Pardon?

I must be hard of hearing. That’s the only excuse for the difficulty I have understanding what people are saying to me in a noisy room. Having a conversation in the midst of the buzz of many other conversations going on all around you is hard of a lot of people, but I think it’s harder for me. It’s probably even more difficult for the person I’m trying to have the conversation with, because it usually goes something …

Other person: Isn’t the weather lovely today?

Me: Pardon me?

Other person: I said, isn’t the weather lovely today?

Me: I’m sorry. I can’t hear you. What did you say?

Other person: The weather, isn’t it nice today?

Me: (I have no idea what was just said to me, but I know it ended with day and was a question. If I ask her to repeat it again she’ll be annoyed,  so  I’ll just have to guess.) I’m doing well. How have you been?

Maybe the problem isn’t really my hearing. Maybe I’m just a really bad guesser.

I’ve thought about learning to read lips. I’m good at reading. I especially like reading novels and take-out menus. Learning to read lips should be no problem.

Let Me Count the Waves?

My Husband: How do I love thee? Let me count the ways.

Me: What?

My Husband: You don’t know that? It’s a famous poem.

Me: I know, but you said “Let me count the ways.”

My Husband: That’s the way it goes.

Me: No it’s not. It goes “Let me count the waves.”

My Husband: No it doesn’t. That doesn’t mean anything.

Me: It’s a poem. You’re not supposed to understand it. It’s just supposed to sound nice.

My Husband: You’re wrong.

Me: I’m not. It’s “Let me count the waves.”

Later I looked it up and he was right, of course.

I shouldn’t make any excuses for myself, but I’m going to. I originally heard the poem on The Love Boat when I was a child. A man and a woman were standing on deck and the man said, “How do I love thee? Let me count that waves.” Or at least, that’s what I thought he said. It made sense at the time. They were on a boat and there were a lot of waves. That’s a whole lot of love. Right?

On the Drive to the Emergency Room

I called an ambulance to take me to the emergency room last week. This is the conversation that occurred in the ambulance.

Paramedic: (Filling out my intake form) Your date of birth?

Me: 19-05-1974

Paramedic: Age?

Me: I’m 34.

Paramedic: (Looks up from the form) No you’re not.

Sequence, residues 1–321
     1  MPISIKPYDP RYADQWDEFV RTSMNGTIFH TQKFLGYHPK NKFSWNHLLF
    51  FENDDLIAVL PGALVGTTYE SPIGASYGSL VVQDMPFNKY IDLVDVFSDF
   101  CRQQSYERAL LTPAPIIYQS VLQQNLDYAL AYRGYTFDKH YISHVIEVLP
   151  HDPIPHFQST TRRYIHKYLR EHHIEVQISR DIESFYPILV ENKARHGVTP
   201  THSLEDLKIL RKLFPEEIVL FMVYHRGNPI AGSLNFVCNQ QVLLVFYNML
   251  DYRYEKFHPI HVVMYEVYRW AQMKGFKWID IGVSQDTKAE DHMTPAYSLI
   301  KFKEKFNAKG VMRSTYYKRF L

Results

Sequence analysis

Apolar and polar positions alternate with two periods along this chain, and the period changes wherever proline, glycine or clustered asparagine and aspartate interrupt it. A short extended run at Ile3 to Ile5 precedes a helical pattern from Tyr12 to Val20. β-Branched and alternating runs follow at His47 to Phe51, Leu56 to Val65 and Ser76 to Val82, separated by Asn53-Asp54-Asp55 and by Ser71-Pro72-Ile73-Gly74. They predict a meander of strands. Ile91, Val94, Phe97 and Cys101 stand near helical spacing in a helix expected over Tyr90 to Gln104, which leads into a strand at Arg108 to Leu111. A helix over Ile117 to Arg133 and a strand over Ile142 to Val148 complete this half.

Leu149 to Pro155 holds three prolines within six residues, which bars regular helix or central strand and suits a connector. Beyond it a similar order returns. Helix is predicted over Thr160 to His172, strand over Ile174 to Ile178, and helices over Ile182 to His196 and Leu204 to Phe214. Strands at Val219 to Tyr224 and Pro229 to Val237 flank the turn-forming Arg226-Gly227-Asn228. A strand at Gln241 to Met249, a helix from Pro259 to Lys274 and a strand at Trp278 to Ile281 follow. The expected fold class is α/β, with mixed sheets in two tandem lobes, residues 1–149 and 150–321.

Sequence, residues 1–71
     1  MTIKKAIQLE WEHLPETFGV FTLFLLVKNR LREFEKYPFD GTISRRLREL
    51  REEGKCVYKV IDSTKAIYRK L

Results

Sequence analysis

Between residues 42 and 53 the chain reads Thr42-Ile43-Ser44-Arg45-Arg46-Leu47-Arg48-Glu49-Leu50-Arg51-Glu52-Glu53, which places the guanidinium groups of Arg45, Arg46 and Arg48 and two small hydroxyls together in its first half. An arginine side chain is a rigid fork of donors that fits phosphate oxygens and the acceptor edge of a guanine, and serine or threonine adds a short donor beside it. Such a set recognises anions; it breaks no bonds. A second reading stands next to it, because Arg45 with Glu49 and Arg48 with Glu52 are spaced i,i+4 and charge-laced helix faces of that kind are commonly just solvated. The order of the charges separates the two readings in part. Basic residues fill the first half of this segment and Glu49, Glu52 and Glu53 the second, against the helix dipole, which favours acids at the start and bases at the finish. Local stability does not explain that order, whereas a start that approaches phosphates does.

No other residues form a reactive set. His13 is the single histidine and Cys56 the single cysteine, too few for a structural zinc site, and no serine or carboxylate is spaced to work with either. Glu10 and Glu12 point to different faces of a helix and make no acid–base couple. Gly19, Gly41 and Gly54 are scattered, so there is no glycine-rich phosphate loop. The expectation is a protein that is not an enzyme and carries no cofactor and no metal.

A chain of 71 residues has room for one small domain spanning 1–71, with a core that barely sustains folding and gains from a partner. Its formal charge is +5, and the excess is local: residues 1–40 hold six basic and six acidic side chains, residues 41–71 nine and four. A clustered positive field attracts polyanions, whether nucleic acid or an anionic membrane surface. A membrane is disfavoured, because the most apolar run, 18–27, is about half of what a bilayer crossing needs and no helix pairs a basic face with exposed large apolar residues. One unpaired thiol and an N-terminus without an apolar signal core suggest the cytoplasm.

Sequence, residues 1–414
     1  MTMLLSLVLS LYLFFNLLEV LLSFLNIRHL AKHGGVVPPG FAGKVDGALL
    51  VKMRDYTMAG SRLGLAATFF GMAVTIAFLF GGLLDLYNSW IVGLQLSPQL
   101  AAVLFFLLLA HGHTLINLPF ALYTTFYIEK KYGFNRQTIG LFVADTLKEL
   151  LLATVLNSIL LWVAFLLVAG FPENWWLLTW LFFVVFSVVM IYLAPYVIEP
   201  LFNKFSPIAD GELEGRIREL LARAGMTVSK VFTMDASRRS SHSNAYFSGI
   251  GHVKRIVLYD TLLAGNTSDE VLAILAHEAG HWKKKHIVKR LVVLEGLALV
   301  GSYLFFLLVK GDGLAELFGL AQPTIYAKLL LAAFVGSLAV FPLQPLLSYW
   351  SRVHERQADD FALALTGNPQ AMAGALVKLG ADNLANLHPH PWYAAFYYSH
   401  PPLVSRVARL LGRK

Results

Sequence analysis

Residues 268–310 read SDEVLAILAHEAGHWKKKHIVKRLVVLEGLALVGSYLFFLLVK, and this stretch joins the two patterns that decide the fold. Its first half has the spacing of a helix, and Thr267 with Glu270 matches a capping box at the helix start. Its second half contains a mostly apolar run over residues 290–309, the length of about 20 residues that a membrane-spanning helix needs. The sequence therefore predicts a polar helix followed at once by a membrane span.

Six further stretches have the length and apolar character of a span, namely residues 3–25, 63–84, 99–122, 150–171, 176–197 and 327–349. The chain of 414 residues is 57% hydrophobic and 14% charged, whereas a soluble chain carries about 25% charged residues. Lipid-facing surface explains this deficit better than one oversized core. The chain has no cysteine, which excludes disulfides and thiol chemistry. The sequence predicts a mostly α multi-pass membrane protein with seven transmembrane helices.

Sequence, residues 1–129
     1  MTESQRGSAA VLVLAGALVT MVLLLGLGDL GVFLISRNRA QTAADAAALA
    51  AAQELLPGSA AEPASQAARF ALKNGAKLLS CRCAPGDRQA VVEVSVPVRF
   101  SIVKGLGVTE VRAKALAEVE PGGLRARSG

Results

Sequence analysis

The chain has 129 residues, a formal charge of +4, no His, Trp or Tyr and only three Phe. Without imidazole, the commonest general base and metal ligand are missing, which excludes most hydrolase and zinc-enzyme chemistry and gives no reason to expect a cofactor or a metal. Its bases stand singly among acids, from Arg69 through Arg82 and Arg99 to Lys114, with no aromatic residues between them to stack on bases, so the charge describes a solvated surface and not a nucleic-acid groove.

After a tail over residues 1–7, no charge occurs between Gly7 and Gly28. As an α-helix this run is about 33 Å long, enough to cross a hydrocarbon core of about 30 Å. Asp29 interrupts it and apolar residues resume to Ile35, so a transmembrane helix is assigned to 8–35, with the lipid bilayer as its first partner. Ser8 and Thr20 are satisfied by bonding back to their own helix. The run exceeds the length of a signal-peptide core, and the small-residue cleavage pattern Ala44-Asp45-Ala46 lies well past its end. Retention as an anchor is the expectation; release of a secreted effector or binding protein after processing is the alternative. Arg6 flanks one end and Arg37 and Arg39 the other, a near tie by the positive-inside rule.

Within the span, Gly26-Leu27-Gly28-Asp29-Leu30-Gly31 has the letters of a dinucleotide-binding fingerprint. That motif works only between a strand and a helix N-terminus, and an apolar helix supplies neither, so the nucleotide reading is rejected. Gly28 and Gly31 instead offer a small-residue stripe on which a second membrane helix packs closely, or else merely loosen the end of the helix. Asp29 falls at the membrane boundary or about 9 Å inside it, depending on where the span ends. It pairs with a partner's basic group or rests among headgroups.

Me: Yes, I am.

Paramedic: No, you’re not. I’m 34, and I was born in 1975. You were born in 1974 so that makes you 35.

Me: But my birthday isn’t until May 19th. That hasn’t happened yet so I’m 34.

Paramedic: (Rolls her eyes and writes 35 as my age on the form.)

The Sun is So Strong

This conversation occurred while driving in a car at mid-day.

My husband: I’d roll down the window, but the sun is so strong.

Me: That’s because you lost all your pigment living in England.

My husband: I never had any pigment to begin with.

He rolls the window a crack and turns his hat sideways to protect the side of his face.

My husband: The sun’s so strong! Imagine what it must be like in summer.

Me: You lived here for 15 years. You know what it’s like in summer.

Living in England has not only caused my husband to loose any color he had before–which wasn’t much–but has also seemed to wipe out his memory about what it’s like to live in Florida. He keeps forgetting to put on sunscreen, and he has gotten sunburned on his neck repeatedly. I hope this trip doesn’t result in skin cancer.

Greens verus Cereal

We had kale greens with our lunch today.

Me: I love greens. They’re my favorite food.

My husband: That’s not true.

Me: Yes it is. I love greens.

My husband: How many times a day do you think about eating greens?

Me: I don’t know. None.

My husband: How many times a day do you think about eating cereal?

Me: Maybe six or seven.

My husband: Looks like cereal is your favorite food.

Me: Silently thinking about eating some cereal.

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